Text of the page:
In the developing countries, universities, polytechnics and research institutions wait for yearly budgetary allocation that is never enough before they could pay salaries of workers, not to talk of generating funds that could sustain some demand-driven researches needed to carry out by the institutions.

This simply suggests that our knowledge infrastructure is obviously weak and should be strengthened through restructuring of our academic curriculum to imbibe in the students the culture of entrepreneurship that will propel the socio-economic strength of the country.

Highly rated and renowned academic research scholars in developed countries, turn out a large number of Patents from the National System of Innovation (NSI) are further commercialized for economic benefits of both the researchers and their institutions. In developing countries, Research and Development (R&D) results from our NSI end up on the shelves because they are not structured at solving industrial challenges and therefore, meet no immediate human needs.

In order to bridge the gap between the academia and the industry, the National Office for Technology Acquisition and Promotion (NOTAP) has evolved a number of lofty collaborative programmes to ensure that the academia not only talks to the industry, but also evolved a highly potent industry-driven researches through a programme known as “Intellectual Property and Technology Transfer Offices (IPTTO) in some Nigerian universities, polytechnics and research institutions”. The four pilot IPTTOs were established by NOTAP in collaboration with the World Intellectual Property Organization (WIPO) in 2004 and since then, NOTAP has continued to expand the programme to more Nigerian tertiary institutions with the intention of covering all government established universities.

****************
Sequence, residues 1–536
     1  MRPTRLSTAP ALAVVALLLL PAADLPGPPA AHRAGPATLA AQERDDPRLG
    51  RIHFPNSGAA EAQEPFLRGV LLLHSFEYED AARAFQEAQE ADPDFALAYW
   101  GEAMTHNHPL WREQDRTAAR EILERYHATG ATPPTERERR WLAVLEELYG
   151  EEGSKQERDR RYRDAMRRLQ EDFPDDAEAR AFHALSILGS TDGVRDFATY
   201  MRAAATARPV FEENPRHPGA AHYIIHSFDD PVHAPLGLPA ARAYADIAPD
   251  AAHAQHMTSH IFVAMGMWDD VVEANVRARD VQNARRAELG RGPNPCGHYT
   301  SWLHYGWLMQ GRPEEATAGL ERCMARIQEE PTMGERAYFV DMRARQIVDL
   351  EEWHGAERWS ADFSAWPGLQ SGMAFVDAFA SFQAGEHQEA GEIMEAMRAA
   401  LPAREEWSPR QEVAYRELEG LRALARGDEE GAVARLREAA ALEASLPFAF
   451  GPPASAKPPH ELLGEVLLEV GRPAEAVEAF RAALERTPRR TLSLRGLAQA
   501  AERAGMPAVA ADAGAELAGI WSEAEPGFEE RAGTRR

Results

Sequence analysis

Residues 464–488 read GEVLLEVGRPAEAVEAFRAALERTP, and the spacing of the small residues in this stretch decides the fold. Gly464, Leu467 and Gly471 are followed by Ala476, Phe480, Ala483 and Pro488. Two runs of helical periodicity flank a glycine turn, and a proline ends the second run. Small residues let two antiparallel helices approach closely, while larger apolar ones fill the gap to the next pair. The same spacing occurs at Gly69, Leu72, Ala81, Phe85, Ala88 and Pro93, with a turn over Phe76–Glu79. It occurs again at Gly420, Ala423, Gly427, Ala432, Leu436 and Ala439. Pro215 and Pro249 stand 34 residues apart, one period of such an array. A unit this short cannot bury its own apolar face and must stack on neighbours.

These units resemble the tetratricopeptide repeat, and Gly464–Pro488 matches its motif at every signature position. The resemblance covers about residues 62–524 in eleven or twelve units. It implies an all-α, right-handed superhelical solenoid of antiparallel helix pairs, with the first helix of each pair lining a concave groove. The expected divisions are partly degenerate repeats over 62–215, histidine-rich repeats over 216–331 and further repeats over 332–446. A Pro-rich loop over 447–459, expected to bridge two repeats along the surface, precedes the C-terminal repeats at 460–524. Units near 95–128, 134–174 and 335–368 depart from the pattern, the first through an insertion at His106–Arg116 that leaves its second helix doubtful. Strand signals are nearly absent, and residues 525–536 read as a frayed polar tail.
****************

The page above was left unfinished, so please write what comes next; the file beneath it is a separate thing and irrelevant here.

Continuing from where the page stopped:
In continuation of this drive, NOTAP has established over 40 IPTTOs in some selected Nigerian universities, polytechnics and research Institutions to re-awaken the Nigerian researchers to inculcate the culture of demand-driven researches as against conventional researches that are just for academic purposes.

This linkage between academia and industry has also necessitated the evolution of a ‘catch them young’ pragramme of NOTAP, whereby companies provided pictorial step by step product production processes for learning in primary and secondary schools in Nigeria. This project is to develop the interest of Nigeria pupils in science and technology, which is key to socio-economic development of any nation.

As it is obtained in the developed countries, some multinational companies operating in the country in order to strengthen the link and also ensure that some industrial problems can be solved by the Nigerian researchers, devoted some funds for sponsorships of some Nigerians who are ready and willing to go into Ph.D programmes in the country.

The frontline posture by NOTAP in linking academia with the industry no doubt has started yielding positive results as some Nigerian universities recently got some financial assistance to upgrade their research laboratories to facilitate researches and come out with solutions to human challenges.

It is recommended that the Federal Government of Nigeria should make a policy that all production industries in the country should synergize with the academia to ensure that research output from universities are deployed into the industry.

Industries operating in the country should make it a point of duty/policy to engage research scholars in Nigerian universities to research into some production challenges militating against the industry. This is a sure way of improving the indigenous skills within the academia and at the same time, increase the GDP of the country as companies operating in the country now spend their earnings in the country instead of paying expatriates with its attendant cause of capital flight.